A dowager is a widow or widower who holds a title or property – a "dower" – derived from her or his deceased spouse.[1] As an adjective, dowager usually appears in association with monarchical and aristocratic titles.

In popular usage, the noun dowager may refer to any elderly widow, especially one of wealth and dignity or autocratic manner.

Some dowagers move to a separate residence known as a dower house.


The Dowager Duchess of Ventadour in full mourning attends the King of France
The dowager Empress Eugénie of France in grand deuil
Empress Amélie of Brazil wore black in mourning for her husband Pedro I for the rest of her life.[2]

In the United Kingdom

This section does not cite any sources. Please help improve this section by adding citations to reliable sources. Unsourced material may be challenged and removed. (December 2020) (Learn how and when to remove this message)

In the United Kingdom the widow of a peer or baronet may continue to use the style she had during her husband's lifetime, e.g. "Countess of Loamshire", provided that his successor, if any, has no wife to bear the plain title. Otherwise she more properly prefixes either her forename or the word Dowager, e.g. "Jane, Countess of Loamshire" or "Dowager Countess of Loamshire". (In any case, she would continue to be called "Lady Loamshire".)[3]

The term queen dowager is used in the United Kingdom and several other countries for the widow of a king; when the dowager is the mother of the current monarch she is more often known as the queen mother.[4]

In Sinosphere

Empress dowager is the title given to the mother or widow of a Chinese, Japanese, Korean or Vietnamese emperor. A notable example is Chinese Empress Dowager Cixi, who effectively ruled China for over 47 years.[5]

In other regions

This form of address is used for noble ladies whose husbands have died. It was used for the late Queen Dowager, Fabiola of Belgium.

Queen Victoria Eugenia of Spain was known as a dowager queen after the death of her husband.[6]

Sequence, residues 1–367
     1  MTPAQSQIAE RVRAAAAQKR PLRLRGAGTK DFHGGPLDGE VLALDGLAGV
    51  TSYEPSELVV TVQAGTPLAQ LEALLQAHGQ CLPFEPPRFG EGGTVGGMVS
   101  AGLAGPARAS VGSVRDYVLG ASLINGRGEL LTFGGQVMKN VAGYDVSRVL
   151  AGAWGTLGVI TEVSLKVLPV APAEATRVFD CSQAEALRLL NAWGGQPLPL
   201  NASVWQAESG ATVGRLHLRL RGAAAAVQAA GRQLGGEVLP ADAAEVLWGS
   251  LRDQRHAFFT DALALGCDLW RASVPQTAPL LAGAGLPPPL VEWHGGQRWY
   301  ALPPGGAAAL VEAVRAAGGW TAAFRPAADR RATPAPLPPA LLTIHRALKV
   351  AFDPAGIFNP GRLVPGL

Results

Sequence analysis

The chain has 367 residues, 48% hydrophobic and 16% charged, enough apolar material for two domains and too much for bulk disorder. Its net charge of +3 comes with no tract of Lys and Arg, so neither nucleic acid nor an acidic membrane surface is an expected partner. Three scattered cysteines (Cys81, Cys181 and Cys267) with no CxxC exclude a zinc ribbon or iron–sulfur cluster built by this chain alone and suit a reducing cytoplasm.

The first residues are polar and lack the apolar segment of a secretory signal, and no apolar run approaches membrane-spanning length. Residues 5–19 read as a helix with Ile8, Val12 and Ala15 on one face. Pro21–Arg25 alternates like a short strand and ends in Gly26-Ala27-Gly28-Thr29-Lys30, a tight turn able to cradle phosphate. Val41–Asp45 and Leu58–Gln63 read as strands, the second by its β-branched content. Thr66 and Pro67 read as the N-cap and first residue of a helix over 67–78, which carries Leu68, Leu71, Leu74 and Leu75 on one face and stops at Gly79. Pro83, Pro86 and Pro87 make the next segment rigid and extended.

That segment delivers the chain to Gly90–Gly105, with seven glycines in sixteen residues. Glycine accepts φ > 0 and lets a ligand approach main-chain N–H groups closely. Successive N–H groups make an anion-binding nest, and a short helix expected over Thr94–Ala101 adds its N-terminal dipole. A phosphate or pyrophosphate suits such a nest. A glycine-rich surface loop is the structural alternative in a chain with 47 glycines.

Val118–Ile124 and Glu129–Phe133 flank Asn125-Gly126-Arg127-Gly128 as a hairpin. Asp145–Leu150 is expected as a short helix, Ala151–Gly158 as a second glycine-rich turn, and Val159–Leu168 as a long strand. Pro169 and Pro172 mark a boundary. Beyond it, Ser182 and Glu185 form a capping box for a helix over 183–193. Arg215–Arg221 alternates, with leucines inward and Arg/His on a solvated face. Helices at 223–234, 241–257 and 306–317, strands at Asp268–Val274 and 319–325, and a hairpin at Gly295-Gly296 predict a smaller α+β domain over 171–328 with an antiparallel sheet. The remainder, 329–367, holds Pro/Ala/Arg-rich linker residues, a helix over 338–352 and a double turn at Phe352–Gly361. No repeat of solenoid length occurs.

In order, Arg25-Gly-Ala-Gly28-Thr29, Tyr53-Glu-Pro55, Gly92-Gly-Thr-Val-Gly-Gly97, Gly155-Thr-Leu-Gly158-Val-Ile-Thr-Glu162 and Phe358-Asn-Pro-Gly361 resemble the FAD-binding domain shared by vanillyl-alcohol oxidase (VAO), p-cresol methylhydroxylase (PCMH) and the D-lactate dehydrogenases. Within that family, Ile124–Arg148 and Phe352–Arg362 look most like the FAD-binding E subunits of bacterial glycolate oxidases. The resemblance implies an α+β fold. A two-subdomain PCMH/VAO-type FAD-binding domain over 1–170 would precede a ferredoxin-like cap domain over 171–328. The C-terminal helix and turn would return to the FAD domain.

The widowed wives of Russian emperors were bestowed the title of Dowager Empress, and ranked above the wife of the reigning emperor.


Elderly widows of wealth, prominence, and dignified or autocratic manner are often referred to informally as dowagers.

The lady in white is a dowager (c. 1914)

Dowagers portrayed in literature include Lady Bracknell in Oscar Wilde's The Importance of Being Earnest and the Dowager Duchess of Merton in Agatha Christie's Lord Edgware Dies.

Maggie Smith portrayed Violet Crawley, Dowager Countess of Grantham from 2010 to 2015 in the television series Downton Abbey, and in the 2019 movie sequel Downton Abbey and the 2022 film Downton Abbey: A New Era.


  1. ^ "Queen as a Title – History of Titles for Female Rulers". about.com. Archived from the original on 13 May 2016. Retrieved 19 March 2017.
  2. ^ Loés, João (22 February 2013). "A volta de Dom Pedro I". istoe.com.br (in Portuguese). Retrieved 7 November 2022.
  3. ^ "Titles and how to use them". The Telegraph. 4 May 2009. Retrieved 2021-03-07.
  4. ^ "The Queen Mother". Sky HISTORY TV channel. Retrieved 2021-03-07.
  5. ^ Jung Chang (2013). Empress Dowager Cixi. Knopf Doubleday. p. 68. ISBN 9780385350372.
  6. ^ lesoir.be (21 August 2016). "Baudouin et Fabiola, un couple fusionnel". lesoir.be. Retrieved 19 March 2017.